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Risk of venous thromboembolism among users of oral contraceptives: a review of two recently published studies
  1. Samuel Shapiro, FCP(SA), FRCP(E), Visiting Professor of Epidemiology (also Emeritus Director, Slone Epidemiology Center, Boston University, Boston, MA, USA)1 and
  2. Jügen Dinger, MD, PhD, Director2
  1. Department of Epidemiology, University of Cape Town, Cape Town, South Africa
  2. Berlin Center for Epidemiology and Health Research, Berlin, Germany
  1. Correspondence to Professor Samuel Shapiro, Department of Public Health and Family Medicine, University of Cape Town, Cape Town, South Africa. E-mail: samshap{at}mweb.co.za

Abstract

Background Two recent studies, a cohort study from Denmark, and a case-control study from The Netherlands, have reported increased risks of venous thromboembolism (VTE) among users of oral contraceptives (OCs) containing desogestrel, gestodene, drospirenone and cyproterone, relative to the use of levonorgestrel.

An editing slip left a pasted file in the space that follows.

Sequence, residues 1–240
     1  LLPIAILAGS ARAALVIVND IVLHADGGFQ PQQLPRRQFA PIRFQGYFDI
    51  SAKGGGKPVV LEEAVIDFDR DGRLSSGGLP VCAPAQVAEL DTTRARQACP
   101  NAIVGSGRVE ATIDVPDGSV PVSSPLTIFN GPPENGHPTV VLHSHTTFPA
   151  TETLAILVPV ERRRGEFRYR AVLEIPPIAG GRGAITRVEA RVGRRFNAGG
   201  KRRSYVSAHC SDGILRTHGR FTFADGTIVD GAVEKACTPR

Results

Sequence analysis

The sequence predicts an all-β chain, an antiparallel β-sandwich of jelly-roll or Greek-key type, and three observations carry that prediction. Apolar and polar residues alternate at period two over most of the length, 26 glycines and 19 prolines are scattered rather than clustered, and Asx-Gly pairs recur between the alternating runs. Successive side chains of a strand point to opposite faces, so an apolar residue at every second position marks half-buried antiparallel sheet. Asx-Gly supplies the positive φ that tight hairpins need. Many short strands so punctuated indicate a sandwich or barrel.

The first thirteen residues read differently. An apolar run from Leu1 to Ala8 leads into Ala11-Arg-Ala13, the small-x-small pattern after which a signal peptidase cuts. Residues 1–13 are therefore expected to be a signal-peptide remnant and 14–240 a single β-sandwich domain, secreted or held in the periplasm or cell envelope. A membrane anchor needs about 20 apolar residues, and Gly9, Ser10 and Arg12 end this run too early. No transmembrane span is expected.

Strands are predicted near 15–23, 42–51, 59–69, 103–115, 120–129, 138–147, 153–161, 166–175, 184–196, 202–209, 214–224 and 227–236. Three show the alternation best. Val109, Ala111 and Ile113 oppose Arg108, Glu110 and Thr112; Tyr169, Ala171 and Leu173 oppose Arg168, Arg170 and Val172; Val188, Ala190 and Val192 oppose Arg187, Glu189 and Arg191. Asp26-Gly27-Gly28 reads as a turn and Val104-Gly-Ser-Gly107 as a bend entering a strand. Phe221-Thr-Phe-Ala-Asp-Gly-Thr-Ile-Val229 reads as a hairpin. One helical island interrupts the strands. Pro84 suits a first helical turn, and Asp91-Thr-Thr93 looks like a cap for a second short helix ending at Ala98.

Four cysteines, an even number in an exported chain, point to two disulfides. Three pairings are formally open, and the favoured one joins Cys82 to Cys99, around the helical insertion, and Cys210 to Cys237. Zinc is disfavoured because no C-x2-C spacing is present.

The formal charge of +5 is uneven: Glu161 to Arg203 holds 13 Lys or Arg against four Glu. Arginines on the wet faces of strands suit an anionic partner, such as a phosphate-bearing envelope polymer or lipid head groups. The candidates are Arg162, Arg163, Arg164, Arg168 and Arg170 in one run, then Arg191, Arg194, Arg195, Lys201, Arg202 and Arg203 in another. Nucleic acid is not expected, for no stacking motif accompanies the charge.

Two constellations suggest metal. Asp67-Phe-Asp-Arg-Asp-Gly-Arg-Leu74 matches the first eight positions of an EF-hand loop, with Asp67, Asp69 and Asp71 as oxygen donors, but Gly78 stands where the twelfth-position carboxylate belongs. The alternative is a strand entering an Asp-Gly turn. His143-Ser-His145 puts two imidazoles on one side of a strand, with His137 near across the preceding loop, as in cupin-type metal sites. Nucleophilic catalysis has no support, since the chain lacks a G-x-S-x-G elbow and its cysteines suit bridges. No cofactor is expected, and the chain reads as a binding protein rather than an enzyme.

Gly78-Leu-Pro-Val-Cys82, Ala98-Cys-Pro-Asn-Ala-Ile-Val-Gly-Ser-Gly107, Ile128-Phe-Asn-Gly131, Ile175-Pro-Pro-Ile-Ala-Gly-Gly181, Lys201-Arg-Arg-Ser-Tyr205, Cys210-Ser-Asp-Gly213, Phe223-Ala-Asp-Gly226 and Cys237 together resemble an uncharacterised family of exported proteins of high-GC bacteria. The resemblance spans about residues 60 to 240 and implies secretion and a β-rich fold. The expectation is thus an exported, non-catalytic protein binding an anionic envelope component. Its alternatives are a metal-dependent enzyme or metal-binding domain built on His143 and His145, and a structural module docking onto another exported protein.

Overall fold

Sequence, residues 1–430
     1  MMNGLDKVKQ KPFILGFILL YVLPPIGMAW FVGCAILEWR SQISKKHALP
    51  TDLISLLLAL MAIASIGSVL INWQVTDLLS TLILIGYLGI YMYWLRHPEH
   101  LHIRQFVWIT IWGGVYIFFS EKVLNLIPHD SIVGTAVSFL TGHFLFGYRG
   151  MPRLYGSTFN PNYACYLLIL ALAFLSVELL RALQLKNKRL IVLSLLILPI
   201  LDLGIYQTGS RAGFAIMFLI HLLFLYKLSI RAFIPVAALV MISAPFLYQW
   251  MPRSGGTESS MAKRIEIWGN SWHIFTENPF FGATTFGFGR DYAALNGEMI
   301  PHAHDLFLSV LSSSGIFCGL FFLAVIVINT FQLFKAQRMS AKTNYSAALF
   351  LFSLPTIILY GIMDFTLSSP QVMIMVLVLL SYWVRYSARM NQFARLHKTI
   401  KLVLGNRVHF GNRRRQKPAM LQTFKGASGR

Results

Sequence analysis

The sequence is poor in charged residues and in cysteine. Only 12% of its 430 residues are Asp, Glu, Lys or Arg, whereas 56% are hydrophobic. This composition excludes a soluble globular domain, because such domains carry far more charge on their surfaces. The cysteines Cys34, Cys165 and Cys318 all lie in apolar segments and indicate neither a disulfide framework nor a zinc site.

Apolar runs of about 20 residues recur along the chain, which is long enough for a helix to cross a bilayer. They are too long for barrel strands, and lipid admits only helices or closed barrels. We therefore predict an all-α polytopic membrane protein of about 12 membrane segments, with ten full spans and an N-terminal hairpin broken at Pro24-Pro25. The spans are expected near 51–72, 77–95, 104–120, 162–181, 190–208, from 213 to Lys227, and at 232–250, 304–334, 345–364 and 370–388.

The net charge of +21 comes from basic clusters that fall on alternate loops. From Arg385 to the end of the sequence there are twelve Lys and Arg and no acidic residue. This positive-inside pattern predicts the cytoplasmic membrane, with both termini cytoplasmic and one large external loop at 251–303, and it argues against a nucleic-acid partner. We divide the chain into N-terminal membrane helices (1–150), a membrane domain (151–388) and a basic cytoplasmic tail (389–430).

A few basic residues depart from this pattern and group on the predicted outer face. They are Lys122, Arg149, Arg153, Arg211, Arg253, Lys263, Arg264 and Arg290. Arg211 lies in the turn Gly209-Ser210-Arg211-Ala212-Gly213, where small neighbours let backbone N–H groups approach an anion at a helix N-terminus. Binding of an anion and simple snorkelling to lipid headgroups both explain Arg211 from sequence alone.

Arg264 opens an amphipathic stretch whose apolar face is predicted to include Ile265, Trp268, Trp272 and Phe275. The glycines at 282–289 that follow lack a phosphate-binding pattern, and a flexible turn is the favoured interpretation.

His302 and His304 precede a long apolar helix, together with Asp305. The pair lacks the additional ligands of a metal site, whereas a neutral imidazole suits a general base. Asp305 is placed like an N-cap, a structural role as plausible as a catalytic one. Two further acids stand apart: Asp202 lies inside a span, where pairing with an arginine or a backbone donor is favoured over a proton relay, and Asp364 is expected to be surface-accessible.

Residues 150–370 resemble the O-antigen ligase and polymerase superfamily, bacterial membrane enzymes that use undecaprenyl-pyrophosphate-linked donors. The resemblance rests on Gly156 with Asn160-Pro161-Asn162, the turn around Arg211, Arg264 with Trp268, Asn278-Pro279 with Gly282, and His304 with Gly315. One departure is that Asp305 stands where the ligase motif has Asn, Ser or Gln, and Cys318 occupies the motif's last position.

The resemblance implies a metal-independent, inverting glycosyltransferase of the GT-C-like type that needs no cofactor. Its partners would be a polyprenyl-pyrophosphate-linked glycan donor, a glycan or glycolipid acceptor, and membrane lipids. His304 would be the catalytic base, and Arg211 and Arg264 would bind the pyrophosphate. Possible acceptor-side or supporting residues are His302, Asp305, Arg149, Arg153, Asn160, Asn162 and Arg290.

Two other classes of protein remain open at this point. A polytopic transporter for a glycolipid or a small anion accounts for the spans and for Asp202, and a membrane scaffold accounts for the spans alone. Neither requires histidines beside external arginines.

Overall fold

Critique In the Danish study the comparisons were not valid. (1) VTE risk is highest soon after commencement of OC use, and duration of use was underestimated for levonorgestrel users, but not for drospirenone users; for the remaining compounds duration was only slightly underestimated. The underestimation for levonorgestrel resulted in systematic overestimation of the relative risks for the compared OCs. (2) Duration was also incorrectly estimated: only the duration of current use, not duration of all episodes of use was relevant to VTE risk. (3) Confounding was not adequately controlled.

In The Netherlands study the comparisons were not valid. (1) The relative risk for drospirenone versus levonorgestrel was not statistically significant. (2) Extensive publicity had been given to the risk of VTE among users of desogestrel, gestodene, drospirenone and cyproterone: information bias and detection bias were therefore likely. (3) Inadequate allowance was made for duration of use. (4) The combination of two different control groups, both of them likely to have been biased, into a single category was not valid.

Conclusion The best evidence continues to suggest that the increased risk of VTE in OC users is a class effect, dependent on the estrogen dose and duration of use, and independent of the progestogen used.

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